Sunday, May 19, 2013

Or Maybe I Could Use a Nap

I walk wet sidewalks, the cars hissing down the street beside me as the rain slackens to a fine, drenching mist.

It's been a number of weeks since I've meditated, and my soul, whatever that might be, feels as loggy and drooping as this gray day.

The only sin that the bible says is unforgivable is the infamous "sin against the Holy Spirit," the nature of which is never made entirely clear.

My guess is that it has something to do with the belief that a person doesn't need any sort of grace, spirituality, whatever, and that it's "unforgivable," not because it's particularly egregious, but because the mechanism by which it might be cured is the very thing that needs healing.

1 comment:

  1. That first sentence is a beaut: the alliteration in "walk wet sidewalks" echoed in hissing and slackens; one line captures the day and the mood precisely.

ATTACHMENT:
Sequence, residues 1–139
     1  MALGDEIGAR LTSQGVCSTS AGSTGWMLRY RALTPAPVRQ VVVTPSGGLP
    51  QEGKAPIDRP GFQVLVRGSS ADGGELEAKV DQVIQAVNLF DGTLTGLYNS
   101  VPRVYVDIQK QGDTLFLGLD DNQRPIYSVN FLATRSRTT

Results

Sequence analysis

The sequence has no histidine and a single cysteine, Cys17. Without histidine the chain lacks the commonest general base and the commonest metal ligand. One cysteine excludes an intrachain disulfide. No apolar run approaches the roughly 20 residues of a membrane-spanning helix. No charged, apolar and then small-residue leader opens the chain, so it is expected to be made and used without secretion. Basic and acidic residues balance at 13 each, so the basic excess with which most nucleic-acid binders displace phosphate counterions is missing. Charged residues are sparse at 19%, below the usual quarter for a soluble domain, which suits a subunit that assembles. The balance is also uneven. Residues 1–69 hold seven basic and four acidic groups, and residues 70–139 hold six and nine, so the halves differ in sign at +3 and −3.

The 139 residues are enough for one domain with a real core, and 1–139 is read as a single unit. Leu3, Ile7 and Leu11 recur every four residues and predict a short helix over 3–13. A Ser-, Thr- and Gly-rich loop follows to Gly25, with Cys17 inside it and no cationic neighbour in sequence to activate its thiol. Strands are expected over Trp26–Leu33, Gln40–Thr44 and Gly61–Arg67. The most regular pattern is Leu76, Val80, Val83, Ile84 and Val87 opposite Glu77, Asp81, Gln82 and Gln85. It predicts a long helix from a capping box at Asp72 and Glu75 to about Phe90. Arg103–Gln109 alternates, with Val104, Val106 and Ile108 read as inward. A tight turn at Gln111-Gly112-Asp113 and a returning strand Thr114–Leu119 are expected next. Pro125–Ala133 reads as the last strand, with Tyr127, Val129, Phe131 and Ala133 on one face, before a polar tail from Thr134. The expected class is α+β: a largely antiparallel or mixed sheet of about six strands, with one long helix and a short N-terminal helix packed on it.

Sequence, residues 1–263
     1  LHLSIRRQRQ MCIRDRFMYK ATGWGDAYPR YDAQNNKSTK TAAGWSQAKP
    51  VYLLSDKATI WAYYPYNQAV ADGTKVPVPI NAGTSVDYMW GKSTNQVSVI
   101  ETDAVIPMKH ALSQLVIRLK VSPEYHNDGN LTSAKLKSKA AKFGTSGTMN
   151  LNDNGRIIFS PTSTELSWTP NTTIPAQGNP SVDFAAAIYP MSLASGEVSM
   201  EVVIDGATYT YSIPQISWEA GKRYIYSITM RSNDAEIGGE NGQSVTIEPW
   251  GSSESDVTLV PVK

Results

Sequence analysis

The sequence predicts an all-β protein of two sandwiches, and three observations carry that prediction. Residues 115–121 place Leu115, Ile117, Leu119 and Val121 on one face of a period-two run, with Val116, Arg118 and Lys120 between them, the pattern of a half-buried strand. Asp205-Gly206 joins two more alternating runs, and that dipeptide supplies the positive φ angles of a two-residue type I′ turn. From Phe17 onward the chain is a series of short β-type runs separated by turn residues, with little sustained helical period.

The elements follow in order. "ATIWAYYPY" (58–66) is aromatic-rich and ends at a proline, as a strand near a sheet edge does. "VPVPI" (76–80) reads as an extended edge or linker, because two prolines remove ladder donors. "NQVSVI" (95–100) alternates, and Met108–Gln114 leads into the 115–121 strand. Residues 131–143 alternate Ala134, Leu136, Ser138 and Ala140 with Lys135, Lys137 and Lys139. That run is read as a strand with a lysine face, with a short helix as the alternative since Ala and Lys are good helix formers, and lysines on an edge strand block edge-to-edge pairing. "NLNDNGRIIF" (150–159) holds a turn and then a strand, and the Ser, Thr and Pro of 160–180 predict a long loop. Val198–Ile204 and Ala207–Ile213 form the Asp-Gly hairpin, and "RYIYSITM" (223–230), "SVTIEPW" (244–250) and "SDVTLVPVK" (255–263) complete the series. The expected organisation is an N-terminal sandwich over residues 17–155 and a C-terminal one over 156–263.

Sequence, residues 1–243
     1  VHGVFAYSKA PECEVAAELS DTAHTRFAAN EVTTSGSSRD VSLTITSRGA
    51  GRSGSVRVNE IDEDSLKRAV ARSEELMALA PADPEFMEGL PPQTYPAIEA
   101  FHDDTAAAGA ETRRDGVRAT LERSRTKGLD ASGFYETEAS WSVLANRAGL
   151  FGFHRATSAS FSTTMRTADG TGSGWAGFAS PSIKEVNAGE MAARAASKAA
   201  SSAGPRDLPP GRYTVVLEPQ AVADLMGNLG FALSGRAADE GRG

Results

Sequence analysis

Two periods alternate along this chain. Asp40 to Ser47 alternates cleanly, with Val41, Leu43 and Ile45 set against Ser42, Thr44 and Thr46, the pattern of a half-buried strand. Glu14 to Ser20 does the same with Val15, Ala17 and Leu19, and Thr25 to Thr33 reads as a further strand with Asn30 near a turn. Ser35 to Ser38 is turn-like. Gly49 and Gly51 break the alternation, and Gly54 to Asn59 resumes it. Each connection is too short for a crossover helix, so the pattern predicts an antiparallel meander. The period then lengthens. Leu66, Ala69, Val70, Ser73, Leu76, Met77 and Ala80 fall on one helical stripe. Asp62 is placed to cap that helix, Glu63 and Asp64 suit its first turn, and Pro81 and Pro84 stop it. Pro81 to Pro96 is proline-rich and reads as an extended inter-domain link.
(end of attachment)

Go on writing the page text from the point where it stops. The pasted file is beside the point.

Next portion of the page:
Charles Cooke in Playing the Piano for Pleasure writes that a new habit "must function, at first, for a little while, from the power supplied by you... a strong conscious effort, even to the extent of a sensation of spiritual pain.... in a surprisingly short time the habit begins to take over the task of supplying power... and finally we get a sensation of spiritual pain if we don't exercise the habit."

    Spiritual conditioning, like physical conditioning, requires daily discipline. How much harder to resume after hiatus even than to begin.